Dr. Carr used the example of a cathedral being built from a pile of bricks. While bricks are relevant to a cathedral, they do not explain the purpose of a cathedral. He stated that this concept is important for explaining why the notion that understanding pain has a start with a biochemical basis may be flawed. The areas of the brain that light up when someone is experiencing pain are the same areas that light up when watching someone else experiencing pain — pain is primarily a social phenomena. He explained that social interaction, which is most widely used and has no side effects, is the perfect analgesia. When a child bumps his head and is crying, the mother will nurture the child, and the pain goes away in the vast majority of incidents. Social inclusion is critical in the process of pain, and pain is linked with stigma or humiliation.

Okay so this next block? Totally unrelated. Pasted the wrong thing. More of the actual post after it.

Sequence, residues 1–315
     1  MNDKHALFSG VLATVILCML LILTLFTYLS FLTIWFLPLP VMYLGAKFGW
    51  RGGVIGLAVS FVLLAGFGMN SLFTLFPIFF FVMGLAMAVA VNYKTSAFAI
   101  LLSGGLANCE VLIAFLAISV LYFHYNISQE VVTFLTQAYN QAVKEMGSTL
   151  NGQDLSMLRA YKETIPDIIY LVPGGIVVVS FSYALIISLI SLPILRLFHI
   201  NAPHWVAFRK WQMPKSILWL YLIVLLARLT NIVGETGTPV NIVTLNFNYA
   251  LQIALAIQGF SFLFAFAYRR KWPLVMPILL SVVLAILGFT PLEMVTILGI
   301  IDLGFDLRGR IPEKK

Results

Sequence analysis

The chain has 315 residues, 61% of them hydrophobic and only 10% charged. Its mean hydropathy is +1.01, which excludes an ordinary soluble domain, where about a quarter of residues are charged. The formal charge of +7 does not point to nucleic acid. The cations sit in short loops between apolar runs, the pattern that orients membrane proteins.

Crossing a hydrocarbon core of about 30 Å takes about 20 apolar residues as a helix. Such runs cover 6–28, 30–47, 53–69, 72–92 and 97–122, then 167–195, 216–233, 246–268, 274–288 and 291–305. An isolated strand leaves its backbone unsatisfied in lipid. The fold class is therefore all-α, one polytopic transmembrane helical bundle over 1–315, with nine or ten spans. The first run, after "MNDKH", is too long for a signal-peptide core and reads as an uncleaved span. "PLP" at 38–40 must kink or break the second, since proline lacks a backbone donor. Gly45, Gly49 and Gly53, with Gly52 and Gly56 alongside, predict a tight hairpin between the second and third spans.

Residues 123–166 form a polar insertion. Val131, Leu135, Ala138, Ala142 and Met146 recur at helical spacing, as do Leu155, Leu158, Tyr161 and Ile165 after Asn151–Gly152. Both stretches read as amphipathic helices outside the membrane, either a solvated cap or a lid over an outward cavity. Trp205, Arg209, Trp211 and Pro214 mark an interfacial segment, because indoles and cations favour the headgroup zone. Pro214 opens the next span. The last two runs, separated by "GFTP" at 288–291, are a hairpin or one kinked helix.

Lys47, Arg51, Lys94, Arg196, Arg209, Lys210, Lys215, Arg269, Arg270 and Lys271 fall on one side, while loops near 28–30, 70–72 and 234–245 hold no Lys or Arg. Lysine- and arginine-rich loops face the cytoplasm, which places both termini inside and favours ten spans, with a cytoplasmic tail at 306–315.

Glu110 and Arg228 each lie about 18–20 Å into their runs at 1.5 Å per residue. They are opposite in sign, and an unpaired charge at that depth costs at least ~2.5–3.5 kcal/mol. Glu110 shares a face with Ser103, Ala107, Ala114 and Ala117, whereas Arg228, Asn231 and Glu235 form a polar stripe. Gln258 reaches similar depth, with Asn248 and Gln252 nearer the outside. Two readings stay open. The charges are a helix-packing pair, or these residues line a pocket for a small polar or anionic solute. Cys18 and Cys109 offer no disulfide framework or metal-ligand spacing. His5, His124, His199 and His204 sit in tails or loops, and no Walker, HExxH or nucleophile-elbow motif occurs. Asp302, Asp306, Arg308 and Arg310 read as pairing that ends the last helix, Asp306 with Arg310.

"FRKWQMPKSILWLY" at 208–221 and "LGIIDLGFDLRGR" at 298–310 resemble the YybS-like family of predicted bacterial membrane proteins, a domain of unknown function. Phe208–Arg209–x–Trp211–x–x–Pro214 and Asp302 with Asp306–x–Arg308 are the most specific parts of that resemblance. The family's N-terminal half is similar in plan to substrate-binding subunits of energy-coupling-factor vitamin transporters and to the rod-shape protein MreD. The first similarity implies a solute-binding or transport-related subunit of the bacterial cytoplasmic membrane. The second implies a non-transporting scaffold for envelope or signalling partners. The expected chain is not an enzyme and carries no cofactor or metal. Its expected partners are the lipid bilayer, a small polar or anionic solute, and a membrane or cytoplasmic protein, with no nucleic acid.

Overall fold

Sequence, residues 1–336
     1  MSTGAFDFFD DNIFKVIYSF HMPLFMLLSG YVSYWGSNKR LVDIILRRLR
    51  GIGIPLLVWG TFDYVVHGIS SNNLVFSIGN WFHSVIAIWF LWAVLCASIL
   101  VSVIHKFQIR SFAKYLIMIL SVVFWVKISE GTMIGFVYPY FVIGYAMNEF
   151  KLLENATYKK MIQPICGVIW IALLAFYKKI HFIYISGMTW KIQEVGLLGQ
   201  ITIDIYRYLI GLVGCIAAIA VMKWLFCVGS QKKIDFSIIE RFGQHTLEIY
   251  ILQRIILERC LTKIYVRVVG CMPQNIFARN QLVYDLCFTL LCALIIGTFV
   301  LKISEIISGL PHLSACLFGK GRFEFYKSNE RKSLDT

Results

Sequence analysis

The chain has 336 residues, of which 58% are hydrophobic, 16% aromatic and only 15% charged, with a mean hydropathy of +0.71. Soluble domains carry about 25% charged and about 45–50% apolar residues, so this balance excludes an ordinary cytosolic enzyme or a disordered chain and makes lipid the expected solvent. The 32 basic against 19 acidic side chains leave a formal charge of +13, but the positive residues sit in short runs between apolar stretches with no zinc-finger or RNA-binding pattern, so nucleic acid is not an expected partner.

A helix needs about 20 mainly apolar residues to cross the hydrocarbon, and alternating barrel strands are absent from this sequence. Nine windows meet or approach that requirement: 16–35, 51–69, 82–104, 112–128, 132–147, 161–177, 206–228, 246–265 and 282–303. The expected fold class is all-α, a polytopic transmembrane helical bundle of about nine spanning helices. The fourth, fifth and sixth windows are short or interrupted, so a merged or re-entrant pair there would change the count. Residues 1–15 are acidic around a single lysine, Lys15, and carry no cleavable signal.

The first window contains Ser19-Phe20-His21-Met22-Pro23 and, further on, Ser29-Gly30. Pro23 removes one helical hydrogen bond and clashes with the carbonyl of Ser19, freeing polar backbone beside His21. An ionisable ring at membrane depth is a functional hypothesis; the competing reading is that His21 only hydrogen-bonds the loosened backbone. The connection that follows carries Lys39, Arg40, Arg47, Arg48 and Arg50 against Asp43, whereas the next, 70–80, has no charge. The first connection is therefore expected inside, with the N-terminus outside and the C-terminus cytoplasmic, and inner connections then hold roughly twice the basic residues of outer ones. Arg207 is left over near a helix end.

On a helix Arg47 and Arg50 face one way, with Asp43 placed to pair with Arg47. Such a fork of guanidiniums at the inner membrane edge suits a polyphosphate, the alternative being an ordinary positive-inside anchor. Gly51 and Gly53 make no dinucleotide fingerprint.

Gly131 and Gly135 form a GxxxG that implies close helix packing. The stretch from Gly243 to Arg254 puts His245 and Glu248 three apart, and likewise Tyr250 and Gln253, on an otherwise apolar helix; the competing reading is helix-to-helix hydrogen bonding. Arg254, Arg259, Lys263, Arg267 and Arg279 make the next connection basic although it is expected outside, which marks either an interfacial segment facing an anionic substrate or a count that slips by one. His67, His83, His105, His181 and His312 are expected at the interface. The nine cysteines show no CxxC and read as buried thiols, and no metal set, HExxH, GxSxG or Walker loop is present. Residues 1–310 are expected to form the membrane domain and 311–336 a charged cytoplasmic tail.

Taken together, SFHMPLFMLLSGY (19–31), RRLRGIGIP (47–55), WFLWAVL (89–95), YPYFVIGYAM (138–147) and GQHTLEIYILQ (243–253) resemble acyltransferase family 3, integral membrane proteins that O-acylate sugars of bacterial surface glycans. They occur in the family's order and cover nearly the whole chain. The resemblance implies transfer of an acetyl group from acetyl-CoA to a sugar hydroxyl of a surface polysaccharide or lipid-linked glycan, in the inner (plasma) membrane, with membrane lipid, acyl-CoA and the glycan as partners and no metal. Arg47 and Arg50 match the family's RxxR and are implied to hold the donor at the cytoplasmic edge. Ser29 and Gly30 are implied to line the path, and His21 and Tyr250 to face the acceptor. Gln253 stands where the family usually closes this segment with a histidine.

Thanks tofor this.
PAINWeek 2012 Conference Keynote Address The Realities of Pain as a Public Health and Social Issue
Daniel B. Carr, MD, of Tufts University School of Medicine delivered a keynote address titled Have We Been Backwards, Upside Down, or Both at the opening session for PAINWeek 2012. He advocated teaching about pain by emphasizing the reality of pain as populationbased, intersubjective, and with an important moral dimension, rather than beginning by focusing on nociceptors and the biochemistry of pain. This perspective will allow students to face d…